Sick-leave law will reach into kitchens
City Council passed legislation Thursday requiring city employers orthose who receive city leases, financial aid or contracts to providefull-time employees with paid sick-leave days.
City Council passed legislation Thursday requiring city employers or those who receive city leases, financial aid or contracts to provide full-time employees with paid sick-leave days.
At the hearing, workers testified about being forced to show up for work sick for fear of losing a valuable day’s pay — or their jobs.
Andrea LeMoins, coordinator of the Restaurant Opportunities Center and former pastry chef, said that she has made and served birthday cake to Mayor Michael Nutter while ill and cheesecake to former Gov. Ed Rendell during a bout of pneumonia.
Kathy Black testified on behalf of Barbara Rusello, who worked at Philadelphia International Airport. “She caught the flu last year and, though she tried to keep the germs to herself, she poured drinks and served food all day,” Black said.
Andre Butler, a banquet server of five years, said that even when he severely injured his back he still took jobs offered through an employment agency because he needed the money.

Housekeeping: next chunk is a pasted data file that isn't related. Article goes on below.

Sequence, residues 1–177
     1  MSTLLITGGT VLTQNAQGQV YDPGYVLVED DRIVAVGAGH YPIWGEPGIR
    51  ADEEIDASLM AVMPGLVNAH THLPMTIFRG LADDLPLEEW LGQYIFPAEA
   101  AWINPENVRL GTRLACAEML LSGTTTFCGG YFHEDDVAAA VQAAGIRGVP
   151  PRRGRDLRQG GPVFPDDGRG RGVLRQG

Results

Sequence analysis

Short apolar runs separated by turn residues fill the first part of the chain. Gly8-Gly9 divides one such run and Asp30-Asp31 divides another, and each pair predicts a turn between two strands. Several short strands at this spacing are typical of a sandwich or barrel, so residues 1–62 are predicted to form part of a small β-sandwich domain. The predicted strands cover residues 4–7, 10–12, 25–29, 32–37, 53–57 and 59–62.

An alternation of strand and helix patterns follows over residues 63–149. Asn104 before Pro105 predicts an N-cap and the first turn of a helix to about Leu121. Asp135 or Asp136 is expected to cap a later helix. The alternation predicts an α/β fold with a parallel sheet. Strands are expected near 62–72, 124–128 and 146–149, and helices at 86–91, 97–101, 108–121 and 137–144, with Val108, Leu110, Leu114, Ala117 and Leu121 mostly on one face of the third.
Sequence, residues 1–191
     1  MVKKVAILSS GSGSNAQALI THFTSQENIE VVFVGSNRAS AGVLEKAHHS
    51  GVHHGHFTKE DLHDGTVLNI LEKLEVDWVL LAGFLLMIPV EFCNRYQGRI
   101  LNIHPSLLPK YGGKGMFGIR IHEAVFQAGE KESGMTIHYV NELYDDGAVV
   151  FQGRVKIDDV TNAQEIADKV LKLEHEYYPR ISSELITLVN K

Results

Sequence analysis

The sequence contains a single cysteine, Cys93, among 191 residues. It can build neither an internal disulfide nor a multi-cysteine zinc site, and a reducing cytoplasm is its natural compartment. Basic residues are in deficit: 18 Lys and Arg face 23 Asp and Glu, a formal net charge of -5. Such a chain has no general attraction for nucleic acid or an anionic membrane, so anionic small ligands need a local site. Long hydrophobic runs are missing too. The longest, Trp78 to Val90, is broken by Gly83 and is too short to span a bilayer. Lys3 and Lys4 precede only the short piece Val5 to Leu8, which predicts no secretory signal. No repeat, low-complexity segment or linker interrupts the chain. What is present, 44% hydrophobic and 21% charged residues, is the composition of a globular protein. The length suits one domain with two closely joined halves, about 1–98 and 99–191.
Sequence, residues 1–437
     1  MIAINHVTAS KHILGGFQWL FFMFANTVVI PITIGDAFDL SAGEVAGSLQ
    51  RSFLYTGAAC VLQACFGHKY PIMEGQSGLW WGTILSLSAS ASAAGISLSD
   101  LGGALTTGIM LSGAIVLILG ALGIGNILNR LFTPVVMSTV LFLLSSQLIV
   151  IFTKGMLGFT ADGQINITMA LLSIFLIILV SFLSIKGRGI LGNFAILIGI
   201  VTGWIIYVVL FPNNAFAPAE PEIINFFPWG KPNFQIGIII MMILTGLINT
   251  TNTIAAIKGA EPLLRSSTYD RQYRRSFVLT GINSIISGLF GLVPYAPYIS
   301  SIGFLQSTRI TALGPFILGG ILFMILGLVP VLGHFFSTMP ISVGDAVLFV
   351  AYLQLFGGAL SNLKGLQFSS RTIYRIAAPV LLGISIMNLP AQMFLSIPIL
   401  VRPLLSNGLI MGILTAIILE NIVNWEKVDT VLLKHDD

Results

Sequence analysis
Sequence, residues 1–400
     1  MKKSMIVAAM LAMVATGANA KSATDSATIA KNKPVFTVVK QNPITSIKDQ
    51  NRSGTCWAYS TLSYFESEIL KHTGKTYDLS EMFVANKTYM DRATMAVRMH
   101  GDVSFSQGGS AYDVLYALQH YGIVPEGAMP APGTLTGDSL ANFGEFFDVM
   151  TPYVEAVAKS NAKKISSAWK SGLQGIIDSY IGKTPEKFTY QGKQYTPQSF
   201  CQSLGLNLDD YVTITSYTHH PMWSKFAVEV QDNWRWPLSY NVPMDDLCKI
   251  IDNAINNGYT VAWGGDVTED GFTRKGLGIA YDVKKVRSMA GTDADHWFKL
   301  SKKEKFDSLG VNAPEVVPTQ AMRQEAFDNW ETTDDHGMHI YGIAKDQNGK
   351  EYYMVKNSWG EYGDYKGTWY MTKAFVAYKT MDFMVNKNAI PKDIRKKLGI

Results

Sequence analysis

His back gave out during a hotel dinner, causing him to drop a tray of steaming hot entrees. “I just missed the guests,” he said. “When something happens and someone sues your business ... is it worth it?”
‘Just don’t take city money’
Missy Quinn of the Business Owners and Managers Association in Philadelphia was harshly rebuked after she testified against the bill. “From a business perspective, the bill stands to become yet another impediment for economic development in the city,” she said.
After confirming that BOMA and Chamber of Commerce officials, who also opposed the bill, were themselves afforded paid sick leave, bill sponsor Councilman Wilson Goode, Jr., said, “At the end of the day, if BOMA doesn’t want to follow this requirement, just don’t take any money from the city.”
“We should not have to choose between being pro-worker and pro-business. It’s a false choice being presented by the Chamber of Commerce and those wishing to suck up to them.”
Other bills sponsored by Councilman Wilson Goode, Jr. that passed in Council Thursday included:
A bill establishing a Living Wage and Benefits Review Committee
An Economic Opportunity Transparency bill, which requires city contractors or recipients of financial aid to submit an economic opportunity plan to Council
A new CDC Tax agreement bill, which gives tax credits to businesses that donate to a local community development corporation